NEW YORK, N.Y. ( TheStreet) -- Equity Residential ( EQR) and Duke Realty ( DRE) beat top-line expectations for the second quarter but the real estate investment trusts missed earnings estimates.

Shares of Equity Residential seesawed Wednesday ahead of its earnings report, closing higher by 0.4%. Duke Realty shares finished lower by 0.1%.

The Vanguard REIT ( VNQ) and iShares Dow Jones US Real Estate ( IYR), exchange-traded funds that count Equity Residential among their top holdings, closed Wednesday's session off by 0.2%.

Equity Residential upped its outlook for funds from operations, a performance figure generally used by REITs to define cash flow from operations. It now expects third-quarter FFO in a range between 51 cents and 55 cents per share, and full-year FFO between $2.14 and $2.20 per share. Analysts' consensus call is for third-quarter FFO of 55 cents per share, and full-year FFO of $2.14.The company previously forecast 2010 FFO of $1.95 to $2.15 per share.

In the recent quarter Equity Residential's FFO declined to 58 cents per share, from 62 cents in the year-earlier period.

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Duke Realty reaffirmed its 2010 guidance for core FFO between 95 cents and $1.15. (Core FFO, in contrast to net FFO, is similar to adjusted earnings per share when one-time items are calculated into the figures.) For the recent quarter it posted FFO of 17 cents per share for the recent quarter, down from 29 cents in the second quarter last year. The decline was attributed to a non-cash impairment charge of $18.7 million. The company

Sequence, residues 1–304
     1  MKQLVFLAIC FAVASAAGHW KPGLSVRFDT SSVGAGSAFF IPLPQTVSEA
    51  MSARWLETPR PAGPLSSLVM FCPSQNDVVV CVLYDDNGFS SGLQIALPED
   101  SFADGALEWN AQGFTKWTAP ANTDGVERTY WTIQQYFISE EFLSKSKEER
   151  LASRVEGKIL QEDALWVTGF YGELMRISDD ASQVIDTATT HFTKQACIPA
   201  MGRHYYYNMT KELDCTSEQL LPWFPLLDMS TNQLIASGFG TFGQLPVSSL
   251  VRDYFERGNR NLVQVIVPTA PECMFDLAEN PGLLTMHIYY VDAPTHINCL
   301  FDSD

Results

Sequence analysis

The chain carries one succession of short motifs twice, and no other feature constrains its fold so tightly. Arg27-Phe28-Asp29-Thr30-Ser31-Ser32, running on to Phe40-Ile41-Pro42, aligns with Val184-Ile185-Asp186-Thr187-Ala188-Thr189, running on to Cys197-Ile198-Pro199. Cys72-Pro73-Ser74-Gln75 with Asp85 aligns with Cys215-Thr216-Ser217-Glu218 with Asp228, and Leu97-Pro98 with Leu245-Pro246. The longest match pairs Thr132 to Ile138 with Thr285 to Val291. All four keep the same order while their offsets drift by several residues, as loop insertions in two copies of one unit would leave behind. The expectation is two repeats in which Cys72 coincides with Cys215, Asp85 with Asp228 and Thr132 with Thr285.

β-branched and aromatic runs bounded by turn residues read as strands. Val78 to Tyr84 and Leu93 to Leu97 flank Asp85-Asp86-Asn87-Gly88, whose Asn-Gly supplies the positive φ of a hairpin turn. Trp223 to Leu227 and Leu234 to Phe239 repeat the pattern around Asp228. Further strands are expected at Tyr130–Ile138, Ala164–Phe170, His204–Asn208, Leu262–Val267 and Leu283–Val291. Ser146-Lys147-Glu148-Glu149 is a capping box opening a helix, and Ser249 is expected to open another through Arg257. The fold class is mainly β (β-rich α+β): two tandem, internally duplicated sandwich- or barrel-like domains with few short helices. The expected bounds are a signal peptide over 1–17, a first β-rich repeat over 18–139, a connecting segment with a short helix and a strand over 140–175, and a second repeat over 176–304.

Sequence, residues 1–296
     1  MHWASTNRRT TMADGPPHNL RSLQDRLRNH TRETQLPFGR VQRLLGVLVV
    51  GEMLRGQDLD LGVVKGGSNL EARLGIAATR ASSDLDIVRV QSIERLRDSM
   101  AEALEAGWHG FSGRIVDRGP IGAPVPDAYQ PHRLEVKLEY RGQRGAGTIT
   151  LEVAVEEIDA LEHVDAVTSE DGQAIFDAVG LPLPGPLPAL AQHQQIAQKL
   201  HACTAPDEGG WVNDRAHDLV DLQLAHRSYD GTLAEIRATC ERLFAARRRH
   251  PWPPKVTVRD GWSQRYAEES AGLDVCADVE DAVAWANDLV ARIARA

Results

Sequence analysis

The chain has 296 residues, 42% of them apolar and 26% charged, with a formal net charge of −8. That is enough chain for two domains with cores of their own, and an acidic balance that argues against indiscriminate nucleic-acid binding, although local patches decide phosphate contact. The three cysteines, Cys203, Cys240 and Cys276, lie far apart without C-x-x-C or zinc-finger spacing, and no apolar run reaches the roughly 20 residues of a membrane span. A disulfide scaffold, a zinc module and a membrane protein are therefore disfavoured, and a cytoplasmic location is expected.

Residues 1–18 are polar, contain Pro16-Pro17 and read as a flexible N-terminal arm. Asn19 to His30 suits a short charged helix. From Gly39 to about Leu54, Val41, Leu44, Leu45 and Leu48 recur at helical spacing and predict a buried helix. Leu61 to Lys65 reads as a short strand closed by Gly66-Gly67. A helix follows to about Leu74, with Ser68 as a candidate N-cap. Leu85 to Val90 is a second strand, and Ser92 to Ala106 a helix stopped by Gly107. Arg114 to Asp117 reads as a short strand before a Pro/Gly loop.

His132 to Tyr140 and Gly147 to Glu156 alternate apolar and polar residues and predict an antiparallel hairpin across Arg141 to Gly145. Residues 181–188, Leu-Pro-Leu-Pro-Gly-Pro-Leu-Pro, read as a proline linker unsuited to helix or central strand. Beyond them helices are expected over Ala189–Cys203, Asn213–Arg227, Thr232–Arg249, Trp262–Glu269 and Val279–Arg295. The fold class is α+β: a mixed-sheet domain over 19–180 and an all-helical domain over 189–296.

The economic effects of a still-weak housing and home construction market should benefits firms like Equity Residential. Home prices rose higher-than-expected in May but most analysts agree that the housing market has a long way to go toward sustainable recovery, and that prices will likely fall again before rebounding in any meaningful way.

"I bet in six months, 15 to 20 cities will have falling prices," said IHS Global Insight economist Patrick Newport, who expects home prices to fall between 6% and 8% before rebounding in 2011.

The rate of vacant homes up for sale was 2.5% last quarter, the Commerce Department reported recently, flat year-over-year but historically very high.

With home ownership no longer carrying the prestige -- or even the assurance of an investment that will gain, rather than lose, value -- more and more people look to rent their homes rather than own. That could prove to be a windfall for a REIT like Equity Residential which focuses on apartment rentals.

CEO David J. Neithercut said strong occupancy, little new supply of residential apartments and favorable demographics should drive top-line growth "for years to come," but that "the rate of that growth is highly dependent on employment growth."

The Chicago-based REIT posted quarterly earnings of $6.3 million, or 2 cents per share, on revenue of $510.9 million. Sales beat expectations, but profits came in far short of the expected $34 million, or 12 cents per share.

Indianapolis-based Duke Realty widened its quarterly losses to $42.4 million, or 19 cents loss per share, from a year-earlier loss of $32.4 million, or 16 cents loss per share. Analysts expected a loss of just $18.1 million, or 4 cents per share. Top-line fundamentals came in better than expected at $383.9 million, from $348.3 million in the second quarter last year.

-- Reported by Miriam Marcus Reimer from New York.

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